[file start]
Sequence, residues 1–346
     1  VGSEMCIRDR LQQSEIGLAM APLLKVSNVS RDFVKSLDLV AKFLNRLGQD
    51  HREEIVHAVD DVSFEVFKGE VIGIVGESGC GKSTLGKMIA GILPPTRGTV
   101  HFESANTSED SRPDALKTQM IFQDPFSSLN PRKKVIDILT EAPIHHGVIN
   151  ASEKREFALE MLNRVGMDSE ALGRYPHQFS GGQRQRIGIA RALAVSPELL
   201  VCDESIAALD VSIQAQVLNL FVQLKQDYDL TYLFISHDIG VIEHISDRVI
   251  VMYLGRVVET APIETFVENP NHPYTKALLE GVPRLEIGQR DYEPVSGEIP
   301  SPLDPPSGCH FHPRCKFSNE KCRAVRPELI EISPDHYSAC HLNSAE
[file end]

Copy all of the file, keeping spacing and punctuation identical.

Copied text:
Sequence, residues 1–346
     1  VGSEMCIRDR LQQSEIGLAM APLLKVSNVS RDFVKSLDLV AKFLNRLGQD
    51  HREEIVHAVD DVSFEVFKGE VIGIVGESGC GKSTLGKMIA GILPPTRGTV
   101  HFESANTSED SRPDALKTQM IFQDPFSSLN PRKKVIDILT EAPIHHGVIN
   151  ASEKREFALE MLNRVGMDSE ALGRYPHQFS GGQRQRIGIA RALAVSPELL
   201  VCDESIAALD VSIQAQVLNL FVQLKQDYDL TYLFISHDIG VIEHISDRVI
   251  VMYLGRVVET APIETFVENP NHPYTKALLE GVPRLEIGQR DYEPVSGEIP
   301  SPLDPPSGCH FHPRCKFSNE KCRAVRPELI EISPDHYSAC HLNSAE